LONDON — Too Faced, the seventh-largest prestige makeup brand in the U.S. that Estée Lauder Cos. acquired for $1.45 billion in 2016, is shutting down its Tmall Global flagship by August, prompting speculation on Chinese social media that the brand is exiting the market.
It appears that all products in the store have been taken down. Membership services and points redemption will remain open until July 27, according to the brand’s announcement on its flagship.
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In a statement to WWD, a spokesperson for Lauder said, “After a careful and thorough review, Too Faced Tmall global flagship store will cease its operations in August. This is an adjustment of distribution channel and will not impact Too Faced’s long-term strategy in China. We want to take a step back to better evaluate how we can best serve our customers here in the future. We look forward to continuing to bring inspiring products and unique experiences to our customers.”
Although the official flagship store is closing, consumers can still buy Too Faced products through the Australian beauty retailer Mecca’s Tmall Global flagship. There are only seven Too Faced products for sale on Mecca’s flagship currently, and the sales are in the single digits.
The high-wattage makeup brand, founded by Jerrod Blandino and Jeremy Johnson in 1998, entered the Chinese market in July 2020. It appointed popular Chinese actress Song Zu’er as brand ambassador shortly after to boost the brand’s presence in the market. But the hype didn’t last long and Too Faced hasn’t made any noise in the market since.
Chen Liang, managing director at communications consultancy éCLAIR Asia, believes that the prolonged COVID-19 pandemic in China was the main reason for Too Faced’s retreat since the cosmetics industry as a whole has been struggling as demand slumped.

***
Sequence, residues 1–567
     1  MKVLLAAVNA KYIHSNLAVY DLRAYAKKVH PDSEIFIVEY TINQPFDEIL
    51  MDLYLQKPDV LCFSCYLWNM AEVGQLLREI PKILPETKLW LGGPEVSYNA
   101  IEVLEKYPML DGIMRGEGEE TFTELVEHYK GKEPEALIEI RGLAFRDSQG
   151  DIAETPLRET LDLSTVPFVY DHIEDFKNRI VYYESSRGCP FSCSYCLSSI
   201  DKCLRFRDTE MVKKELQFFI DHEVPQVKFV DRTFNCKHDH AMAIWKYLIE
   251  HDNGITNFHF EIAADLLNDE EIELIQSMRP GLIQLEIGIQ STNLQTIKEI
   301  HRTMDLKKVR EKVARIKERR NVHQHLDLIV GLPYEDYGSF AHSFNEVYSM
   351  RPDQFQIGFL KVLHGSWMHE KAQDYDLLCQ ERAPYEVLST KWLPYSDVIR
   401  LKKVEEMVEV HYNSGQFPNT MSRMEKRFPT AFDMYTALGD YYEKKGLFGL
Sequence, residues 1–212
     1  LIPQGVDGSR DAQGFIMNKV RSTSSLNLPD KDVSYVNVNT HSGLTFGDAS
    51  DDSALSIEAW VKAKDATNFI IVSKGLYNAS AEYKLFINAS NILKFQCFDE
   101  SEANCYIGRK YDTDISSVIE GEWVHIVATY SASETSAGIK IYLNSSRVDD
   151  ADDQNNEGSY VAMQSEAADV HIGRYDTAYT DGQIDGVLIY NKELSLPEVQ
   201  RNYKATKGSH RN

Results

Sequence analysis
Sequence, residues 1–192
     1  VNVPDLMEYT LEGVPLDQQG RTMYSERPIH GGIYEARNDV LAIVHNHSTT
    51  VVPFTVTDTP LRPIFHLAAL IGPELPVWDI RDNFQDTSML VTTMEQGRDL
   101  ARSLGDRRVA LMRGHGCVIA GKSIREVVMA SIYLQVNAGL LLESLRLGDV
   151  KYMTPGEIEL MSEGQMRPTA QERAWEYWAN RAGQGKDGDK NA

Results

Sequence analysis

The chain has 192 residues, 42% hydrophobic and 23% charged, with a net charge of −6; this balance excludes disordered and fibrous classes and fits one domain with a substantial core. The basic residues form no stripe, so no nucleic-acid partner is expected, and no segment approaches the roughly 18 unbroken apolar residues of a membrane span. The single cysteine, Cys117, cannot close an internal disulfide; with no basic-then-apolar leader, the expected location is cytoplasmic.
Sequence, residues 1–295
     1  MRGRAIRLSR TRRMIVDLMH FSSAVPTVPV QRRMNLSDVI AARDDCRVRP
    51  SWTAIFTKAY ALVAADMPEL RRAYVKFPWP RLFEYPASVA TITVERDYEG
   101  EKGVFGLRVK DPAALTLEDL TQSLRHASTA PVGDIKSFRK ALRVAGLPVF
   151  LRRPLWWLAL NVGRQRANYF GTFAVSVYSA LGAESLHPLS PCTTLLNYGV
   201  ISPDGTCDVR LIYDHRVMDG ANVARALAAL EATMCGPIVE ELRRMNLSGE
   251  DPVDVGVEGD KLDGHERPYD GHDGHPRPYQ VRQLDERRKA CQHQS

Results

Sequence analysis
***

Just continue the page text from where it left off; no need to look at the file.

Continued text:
The second reason is that China is “a different and extremely competitive market,” especially for the beauty sector.
“Chinese consumers have a lot of choices. The attention span is very short. You always need a sense of freshness to keep up with them. This freshness is not only at the marketing level, but also extends to the product level. This tests the ability of the brand to continue to turn out viral products.
“In Too Faced’s case, its products generated some discussion and buzz, but there was no major breakthrough. This model also imposes a high demand on the supply chain, which global players are usually not in a good place to compete with local ones,” she added.
On a marketing level, Chen posited that the brand needs to increase its spend significantly.
“Marketing investment is essential in China. The demand for KOLs and celebrities to maintain long-term exposure in front of the consumers is huge. Too Faced was too chill about it.
“Some of Estée Lauder’s brands have huge marketing budgets in China, so the group should not be a stranger to this,” she said. “So Too Faced’s poor performance should be a result of their choice, rather than unfamiliarity with the Chinese market.”
That said, young brands within the company in general have not yet performed at the same level as those who have been in the market for decades in China. Data from Moojing Market Intelligence gathered during this year’s Tmall’s 618 online shopping festival shows that Estée Lauder, La Mer and MAC Cosmetics entered the top 10 positions in the skin care and color cosmetics categories. Meanwhile Dr.Jart, a skin care brand the company acquired in 2019, and Tom Ford both fell out of the top 20 list.
As the second-largest beauty market in the world, during the pandemic China became a major driver of beauty sales, and big companies including L’Oréal and Estée Lauder Cos. benefited from the market’s acceleration.
But recently both of those companies recorded slowdowns in China. Lauder’s sales in the Asia Pacific region dipped 4 percent for the quarter ended March 31, due to reduced retail traffic as well as limited distribution capacity at its Shanghai facilities, which were subject to COVID-19 restrictions.